Political drama isn’t TV

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Political drama isn’t TV


The MBC drama “Hayan Geotab” or “The Great White Tower” is very popular among young working professionals. The drama is set in a hospital and centers on doctors. It has been critically applauded as a successful remake of a Japanese drama. The secret of its popularity is its stark reality. Viewers are captivated by the realistic portrayal of a group of doctors that scamper endlessly for power.
Although the drama is set in a hospital, it is not purely a drama about medical science and treatment. It could take place at a corporation, public office, or any place where “success or extermination” exists. It is a political drama; to be more precise, it is a drama about politics at the workplace. The drama depicts the mechanism of a competitive social system that television programs had previously ignored.
The genre of “workplace drama” itself has not been developed yet. The only drama that could possibly qualify as a workplace drama would be “TV Sun Zi’s Art of War” (aired on KBS Television in 1987-1993), which was a human-nature drama set in a midsize corporation. Although the boss’ diatribes and the worker’s incompetence were repeated every episode, the conflicts were always resolved in an amicable fashion. Director Lee Myung-se’s movie “Distressing to be a Man,” which portrayed the joys and sorrows of working professionals, ended up being a fantasy movie for people wanting to escape from their jobs. “The Great White Tower” is the evolution of the workplace drama.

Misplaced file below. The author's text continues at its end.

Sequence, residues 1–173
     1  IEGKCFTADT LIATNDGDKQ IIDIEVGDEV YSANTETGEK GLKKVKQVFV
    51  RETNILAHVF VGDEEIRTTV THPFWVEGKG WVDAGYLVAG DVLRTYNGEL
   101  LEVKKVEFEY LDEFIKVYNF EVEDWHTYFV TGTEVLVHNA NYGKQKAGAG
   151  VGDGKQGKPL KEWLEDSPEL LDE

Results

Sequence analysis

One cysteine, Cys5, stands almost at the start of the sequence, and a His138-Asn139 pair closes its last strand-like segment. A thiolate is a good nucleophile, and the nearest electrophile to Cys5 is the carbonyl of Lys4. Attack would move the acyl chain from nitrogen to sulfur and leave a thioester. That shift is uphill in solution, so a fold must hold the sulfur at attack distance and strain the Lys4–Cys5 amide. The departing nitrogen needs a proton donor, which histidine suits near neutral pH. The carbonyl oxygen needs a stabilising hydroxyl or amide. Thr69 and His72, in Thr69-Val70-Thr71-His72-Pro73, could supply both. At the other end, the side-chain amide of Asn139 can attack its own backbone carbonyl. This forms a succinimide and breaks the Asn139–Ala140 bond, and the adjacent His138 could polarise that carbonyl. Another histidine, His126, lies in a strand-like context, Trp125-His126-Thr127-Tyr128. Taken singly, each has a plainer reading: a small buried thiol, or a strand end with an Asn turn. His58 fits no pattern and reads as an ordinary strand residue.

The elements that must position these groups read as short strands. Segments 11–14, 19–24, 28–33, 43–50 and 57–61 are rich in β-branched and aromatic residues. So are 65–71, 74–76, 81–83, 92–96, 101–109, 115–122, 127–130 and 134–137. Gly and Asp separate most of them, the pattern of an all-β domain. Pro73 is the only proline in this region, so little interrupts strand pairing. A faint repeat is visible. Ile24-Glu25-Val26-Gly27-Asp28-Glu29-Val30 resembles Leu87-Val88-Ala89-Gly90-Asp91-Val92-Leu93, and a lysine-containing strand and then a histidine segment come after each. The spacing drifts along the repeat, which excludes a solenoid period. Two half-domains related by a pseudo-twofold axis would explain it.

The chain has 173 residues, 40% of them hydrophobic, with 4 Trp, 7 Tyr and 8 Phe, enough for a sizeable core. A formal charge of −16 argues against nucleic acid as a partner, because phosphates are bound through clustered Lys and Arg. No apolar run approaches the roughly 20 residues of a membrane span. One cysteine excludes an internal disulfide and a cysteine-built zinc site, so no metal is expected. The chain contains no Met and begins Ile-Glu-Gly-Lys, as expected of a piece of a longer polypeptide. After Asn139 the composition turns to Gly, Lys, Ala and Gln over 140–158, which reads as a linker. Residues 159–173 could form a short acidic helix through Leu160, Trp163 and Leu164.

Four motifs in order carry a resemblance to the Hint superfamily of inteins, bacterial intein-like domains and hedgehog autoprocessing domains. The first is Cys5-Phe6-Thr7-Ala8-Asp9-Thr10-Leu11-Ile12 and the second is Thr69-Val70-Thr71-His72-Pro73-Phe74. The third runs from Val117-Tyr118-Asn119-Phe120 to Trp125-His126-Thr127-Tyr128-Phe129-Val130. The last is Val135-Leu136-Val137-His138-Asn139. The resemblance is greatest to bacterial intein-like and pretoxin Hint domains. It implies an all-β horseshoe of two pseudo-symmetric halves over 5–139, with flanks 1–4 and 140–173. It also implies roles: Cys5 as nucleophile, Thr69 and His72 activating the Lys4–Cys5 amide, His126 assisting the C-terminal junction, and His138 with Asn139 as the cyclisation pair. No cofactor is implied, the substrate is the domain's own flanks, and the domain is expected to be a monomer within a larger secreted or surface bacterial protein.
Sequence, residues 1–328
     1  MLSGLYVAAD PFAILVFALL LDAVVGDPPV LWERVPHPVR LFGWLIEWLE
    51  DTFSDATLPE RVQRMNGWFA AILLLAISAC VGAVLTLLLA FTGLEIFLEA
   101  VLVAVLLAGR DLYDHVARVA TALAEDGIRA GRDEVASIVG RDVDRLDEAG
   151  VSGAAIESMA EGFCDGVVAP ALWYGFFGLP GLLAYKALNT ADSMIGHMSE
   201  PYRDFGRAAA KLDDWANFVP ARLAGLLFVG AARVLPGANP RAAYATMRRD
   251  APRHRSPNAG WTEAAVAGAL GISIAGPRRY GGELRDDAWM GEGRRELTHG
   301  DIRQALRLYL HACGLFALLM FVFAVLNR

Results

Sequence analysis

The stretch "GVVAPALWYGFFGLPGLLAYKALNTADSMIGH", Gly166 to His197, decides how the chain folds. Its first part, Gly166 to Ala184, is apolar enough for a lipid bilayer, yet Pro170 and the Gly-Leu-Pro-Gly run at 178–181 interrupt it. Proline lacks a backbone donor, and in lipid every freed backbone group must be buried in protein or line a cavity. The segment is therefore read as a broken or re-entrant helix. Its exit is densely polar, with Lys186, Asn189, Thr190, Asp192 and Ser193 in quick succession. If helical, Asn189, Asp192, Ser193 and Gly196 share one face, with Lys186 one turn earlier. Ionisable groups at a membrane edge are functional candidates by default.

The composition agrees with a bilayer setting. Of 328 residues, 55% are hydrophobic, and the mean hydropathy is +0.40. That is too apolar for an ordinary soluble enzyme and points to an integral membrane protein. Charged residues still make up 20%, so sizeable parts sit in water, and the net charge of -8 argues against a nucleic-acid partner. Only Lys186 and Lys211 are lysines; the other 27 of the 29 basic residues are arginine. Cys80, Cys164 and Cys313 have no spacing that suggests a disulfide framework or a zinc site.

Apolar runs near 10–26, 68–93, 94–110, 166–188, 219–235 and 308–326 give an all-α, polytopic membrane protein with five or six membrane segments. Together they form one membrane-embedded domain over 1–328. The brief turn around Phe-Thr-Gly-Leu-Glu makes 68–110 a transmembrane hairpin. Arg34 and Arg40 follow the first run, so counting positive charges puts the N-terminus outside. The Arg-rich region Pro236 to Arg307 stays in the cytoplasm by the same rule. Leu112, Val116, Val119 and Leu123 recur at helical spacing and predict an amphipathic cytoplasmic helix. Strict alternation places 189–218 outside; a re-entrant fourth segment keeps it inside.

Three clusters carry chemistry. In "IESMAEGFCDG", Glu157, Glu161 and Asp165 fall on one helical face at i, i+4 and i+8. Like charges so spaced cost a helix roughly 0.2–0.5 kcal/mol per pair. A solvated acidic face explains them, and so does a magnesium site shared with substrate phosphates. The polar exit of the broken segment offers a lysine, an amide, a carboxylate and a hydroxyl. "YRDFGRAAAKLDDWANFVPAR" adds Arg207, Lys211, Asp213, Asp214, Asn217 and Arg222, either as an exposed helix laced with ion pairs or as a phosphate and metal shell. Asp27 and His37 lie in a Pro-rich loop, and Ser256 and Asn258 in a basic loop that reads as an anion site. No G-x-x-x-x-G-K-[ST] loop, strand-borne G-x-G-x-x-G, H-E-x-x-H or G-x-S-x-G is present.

What is more interesting, however, is the manner in which the public views this drama, which can be considered society’s view regarding the survival of the fittest mentality. Competition for power is a justifiable reality; desire for power cannot be criticized. Among the characters appearing in the show, the character played by Kim Myung-min, who can be dastardly at times for the sake of his ambition, is overwhelmingly more popular than the character played by Lee Sun-kyun, who is nice and a stickler for rules. Instead of being appalled by Kim Myung-min’s character, who rises by using all means at his disposal, the viewers respond to him. This can be viewed as the end of the era of innocence and the dawning of the era of fierce competition and survival of the fittest.
Without having to see them on television, we have grown weary of political dramas shot live at Yeouido, where the Parliament is located, everyday. Of course, there is a decisive difference. In “The Great White Tower,” the doctors do not disguise their thirst for power by using public virtue or another person’s name (the people). Nobody will cheer for such hypocritical political dramas.

*The writer is a deputy culture and sports editor of the JoongAng Ilbo.

By Yang Sung-hee [shying@joongang.co.kr]
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